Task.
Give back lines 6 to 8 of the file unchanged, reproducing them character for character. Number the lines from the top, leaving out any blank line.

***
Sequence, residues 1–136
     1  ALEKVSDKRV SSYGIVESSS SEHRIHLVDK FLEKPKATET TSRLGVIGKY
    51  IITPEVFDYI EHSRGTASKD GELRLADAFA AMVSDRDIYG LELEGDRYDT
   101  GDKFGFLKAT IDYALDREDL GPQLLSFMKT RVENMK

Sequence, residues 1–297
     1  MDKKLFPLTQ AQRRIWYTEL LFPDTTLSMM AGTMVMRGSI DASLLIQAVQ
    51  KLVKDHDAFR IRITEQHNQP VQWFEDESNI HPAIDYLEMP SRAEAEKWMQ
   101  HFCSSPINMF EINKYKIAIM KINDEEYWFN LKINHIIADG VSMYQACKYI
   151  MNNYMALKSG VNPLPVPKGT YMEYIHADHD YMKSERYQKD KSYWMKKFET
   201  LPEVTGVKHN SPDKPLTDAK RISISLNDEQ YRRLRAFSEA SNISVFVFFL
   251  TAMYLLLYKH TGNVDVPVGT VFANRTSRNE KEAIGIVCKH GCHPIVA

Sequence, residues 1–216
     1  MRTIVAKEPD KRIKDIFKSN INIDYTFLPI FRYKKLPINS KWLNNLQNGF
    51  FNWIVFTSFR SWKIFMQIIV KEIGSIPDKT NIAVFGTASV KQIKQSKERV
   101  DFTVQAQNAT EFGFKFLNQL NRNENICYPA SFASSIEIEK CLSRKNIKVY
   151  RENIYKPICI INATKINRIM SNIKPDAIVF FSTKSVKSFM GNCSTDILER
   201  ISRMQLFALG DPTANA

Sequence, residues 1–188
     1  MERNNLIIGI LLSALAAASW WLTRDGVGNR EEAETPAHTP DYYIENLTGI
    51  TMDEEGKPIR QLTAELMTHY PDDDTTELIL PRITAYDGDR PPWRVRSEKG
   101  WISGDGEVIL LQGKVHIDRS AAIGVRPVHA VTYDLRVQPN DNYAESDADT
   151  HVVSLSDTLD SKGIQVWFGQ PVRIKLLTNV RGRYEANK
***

     1  MDKKLFPLTQ AQRRIWYTEL LFPDTTLSMM AGTMVMRGSI DASLLIQAVQ
    51  KLVKDHDAFR IRITEQHNQP VQWFEDESNI HPAIDYLEMP SRAEAEKWMQ
   101  HFCSSPINMF EINKYKIAIM KINDEEYWFN LKINHIIADG VSMYQACKYI